Photoshop Alone Doesn’t Make You a Graphic Designer

The other day, I was talking to some friends and colleagues and overheard someone in the background talking about Photoshop. They claimed that they were an incredible graphic designer, because they are incredible with Photoshop. After overhearing this, I asked for a link to their portfolio site, and was shocked to find out that they didn’t have a site showcasing at least some of their work. With this being said, I still gave them the benefit of the doubt ad thought that maybe they were really good in Photoshop, which is great, but I disagree with the statement that you are an excellent designer, because you are good in Photoshop.

Photoshop ALone Doesn't Make You A Graphic DesignerBeing a Graphic Designer

Graphic design takes so much more than simply creating a pretty image in Photoshop. You have to have text that flows well with your image, so that your message is properly communicated. You have to have a good structural hierarchy so that people that are scanning for information can easily find it. You have to have a good eye for color and be able to decide of a solid palette of colors that work well together. People have to be able to read your message and be able to understand it completely.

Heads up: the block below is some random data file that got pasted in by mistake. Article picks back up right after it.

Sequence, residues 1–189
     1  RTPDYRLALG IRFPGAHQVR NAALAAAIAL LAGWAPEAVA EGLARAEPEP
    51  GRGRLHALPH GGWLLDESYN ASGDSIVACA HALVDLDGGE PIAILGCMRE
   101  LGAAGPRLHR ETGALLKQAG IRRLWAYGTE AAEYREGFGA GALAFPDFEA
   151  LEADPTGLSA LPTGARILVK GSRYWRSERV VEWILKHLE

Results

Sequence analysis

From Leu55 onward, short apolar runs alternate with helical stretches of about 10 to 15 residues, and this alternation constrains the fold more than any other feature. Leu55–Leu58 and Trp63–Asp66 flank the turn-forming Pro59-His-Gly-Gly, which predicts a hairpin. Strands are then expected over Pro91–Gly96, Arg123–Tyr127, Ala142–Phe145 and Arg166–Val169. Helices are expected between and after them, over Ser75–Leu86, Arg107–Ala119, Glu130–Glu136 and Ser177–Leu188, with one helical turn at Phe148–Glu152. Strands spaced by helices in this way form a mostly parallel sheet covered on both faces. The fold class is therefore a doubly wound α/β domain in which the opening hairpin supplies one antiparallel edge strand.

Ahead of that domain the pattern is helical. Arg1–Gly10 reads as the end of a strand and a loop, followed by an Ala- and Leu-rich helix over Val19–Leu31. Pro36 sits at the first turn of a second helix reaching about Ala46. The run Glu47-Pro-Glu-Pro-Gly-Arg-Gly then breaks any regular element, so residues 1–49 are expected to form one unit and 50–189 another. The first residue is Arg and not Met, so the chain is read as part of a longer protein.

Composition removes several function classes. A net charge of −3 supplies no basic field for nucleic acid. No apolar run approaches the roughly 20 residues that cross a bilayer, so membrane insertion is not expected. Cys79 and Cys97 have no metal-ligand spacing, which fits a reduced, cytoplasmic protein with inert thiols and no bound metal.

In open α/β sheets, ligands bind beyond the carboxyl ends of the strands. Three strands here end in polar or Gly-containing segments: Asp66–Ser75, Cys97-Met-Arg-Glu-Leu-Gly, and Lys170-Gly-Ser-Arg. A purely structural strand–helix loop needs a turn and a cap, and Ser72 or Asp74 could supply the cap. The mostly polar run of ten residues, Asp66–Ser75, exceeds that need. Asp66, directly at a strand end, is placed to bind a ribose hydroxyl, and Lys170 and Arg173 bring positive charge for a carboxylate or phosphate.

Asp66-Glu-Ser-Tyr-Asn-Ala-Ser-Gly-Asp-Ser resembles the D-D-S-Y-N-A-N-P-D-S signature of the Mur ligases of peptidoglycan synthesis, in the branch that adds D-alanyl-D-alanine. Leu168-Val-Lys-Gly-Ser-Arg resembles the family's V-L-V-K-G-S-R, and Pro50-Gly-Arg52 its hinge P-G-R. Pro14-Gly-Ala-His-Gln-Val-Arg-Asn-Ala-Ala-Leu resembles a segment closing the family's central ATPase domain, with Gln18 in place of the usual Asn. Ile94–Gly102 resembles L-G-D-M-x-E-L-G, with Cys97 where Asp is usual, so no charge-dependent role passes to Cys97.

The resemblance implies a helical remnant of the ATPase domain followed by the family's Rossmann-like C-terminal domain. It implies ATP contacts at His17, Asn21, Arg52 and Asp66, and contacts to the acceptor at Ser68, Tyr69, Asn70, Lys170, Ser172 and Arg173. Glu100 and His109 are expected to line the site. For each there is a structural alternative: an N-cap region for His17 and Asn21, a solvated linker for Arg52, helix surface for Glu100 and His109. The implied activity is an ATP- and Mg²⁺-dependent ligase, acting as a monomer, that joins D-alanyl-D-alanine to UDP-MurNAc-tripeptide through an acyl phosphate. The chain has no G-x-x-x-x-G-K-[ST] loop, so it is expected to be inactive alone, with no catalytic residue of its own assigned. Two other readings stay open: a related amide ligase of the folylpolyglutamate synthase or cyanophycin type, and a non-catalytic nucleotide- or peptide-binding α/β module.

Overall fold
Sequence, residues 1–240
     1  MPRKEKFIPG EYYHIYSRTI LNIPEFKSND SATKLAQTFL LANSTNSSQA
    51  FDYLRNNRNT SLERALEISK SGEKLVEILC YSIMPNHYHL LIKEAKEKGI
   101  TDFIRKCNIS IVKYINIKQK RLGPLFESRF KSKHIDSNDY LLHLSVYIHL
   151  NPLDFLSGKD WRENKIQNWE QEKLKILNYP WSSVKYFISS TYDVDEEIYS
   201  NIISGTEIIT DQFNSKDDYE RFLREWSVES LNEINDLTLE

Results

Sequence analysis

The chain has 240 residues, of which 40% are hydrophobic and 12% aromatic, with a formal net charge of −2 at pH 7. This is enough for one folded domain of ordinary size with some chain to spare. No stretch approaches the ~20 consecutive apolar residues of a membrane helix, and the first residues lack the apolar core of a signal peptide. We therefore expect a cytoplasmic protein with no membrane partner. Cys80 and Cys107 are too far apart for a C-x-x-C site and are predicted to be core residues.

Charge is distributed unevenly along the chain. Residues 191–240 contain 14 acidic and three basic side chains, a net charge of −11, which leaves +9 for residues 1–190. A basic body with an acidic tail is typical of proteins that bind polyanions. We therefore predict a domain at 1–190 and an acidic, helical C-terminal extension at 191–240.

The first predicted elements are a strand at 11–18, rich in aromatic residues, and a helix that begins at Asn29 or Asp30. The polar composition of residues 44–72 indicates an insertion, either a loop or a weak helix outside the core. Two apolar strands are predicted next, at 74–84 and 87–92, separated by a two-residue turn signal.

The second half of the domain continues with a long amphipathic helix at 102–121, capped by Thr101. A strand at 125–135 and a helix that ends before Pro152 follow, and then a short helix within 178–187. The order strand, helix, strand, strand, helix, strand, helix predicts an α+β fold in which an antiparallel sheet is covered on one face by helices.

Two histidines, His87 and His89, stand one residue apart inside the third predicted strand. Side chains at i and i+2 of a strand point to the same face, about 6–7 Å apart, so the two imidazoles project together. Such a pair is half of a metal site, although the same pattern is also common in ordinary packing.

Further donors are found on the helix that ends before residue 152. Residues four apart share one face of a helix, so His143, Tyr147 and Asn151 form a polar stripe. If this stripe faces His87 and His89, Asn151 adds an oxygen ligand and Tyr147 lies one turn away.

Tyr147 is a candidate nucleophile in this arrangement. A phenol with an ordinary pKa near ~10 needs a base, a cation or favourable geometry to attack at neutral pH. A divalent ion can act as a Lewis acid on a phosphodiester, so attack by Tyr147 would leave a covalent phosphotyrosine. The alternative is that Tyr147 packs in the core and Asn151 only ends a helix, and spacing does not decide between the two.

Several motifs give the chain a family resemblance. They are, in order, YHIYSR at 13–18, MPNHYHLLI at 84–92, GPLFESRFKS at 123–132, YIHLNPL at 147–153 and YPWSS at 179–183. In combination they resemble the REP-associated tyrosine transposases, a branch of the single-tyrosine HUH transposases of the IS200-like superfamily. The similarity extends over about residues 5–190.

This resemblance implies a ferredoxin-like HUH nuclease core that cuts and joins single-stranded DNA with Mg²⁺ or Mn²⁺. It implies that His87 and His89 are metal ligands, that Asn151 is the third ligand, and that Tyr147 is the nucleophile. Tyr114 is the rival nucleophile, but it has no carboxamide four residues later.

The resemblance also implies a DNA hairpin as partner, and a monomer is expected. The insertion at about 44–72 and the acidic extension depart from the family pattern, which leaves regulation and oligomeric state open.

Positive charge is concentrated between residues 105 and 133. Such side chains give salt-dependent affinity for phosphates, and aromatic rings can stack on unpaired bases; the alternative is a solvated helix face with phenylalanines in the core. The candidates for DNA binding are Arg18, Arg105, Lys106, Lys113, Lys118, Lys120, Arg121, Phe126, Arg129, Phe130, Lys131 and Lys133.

Another thing that bothered me is that I have noticed a trend in immaculate 3D typography lately, which is fantastic. The tutorials teach you how to create fantastic imagery and melt images and textures into the 3D letterforms. The problem is, that half of them are illegible when it is all said and done. I don’t care how beautiful you make a bunch of letters look, but if you can’t read what it even says then why in the world would you even make it in the first place? I have seen where they have made glossy, candy style 3D type, and it looks great. It looks like candy and is full of color and is easily read, without any sort of strain to figure out what the message is. I have seen some that I still don’t know what it says, and more importantly, I don’t care. The important part to understand is that neither does the viewer. You lost them- it’s over. The message was lost in texture and form and became so abstract that no one knows what it even is anymore.

The point that I am trying to make with this is that it is great if you are trying to learn the different ways to create effects and styles inside of Photoshop, Illustrator, or any other 3D program. The thing that needs to be understood is that there are underlying principles that govern a great design. It is like knowing how to paint an old car and make it look beautiful, but not knowing how to get it running properly. You will never get anywhere with it.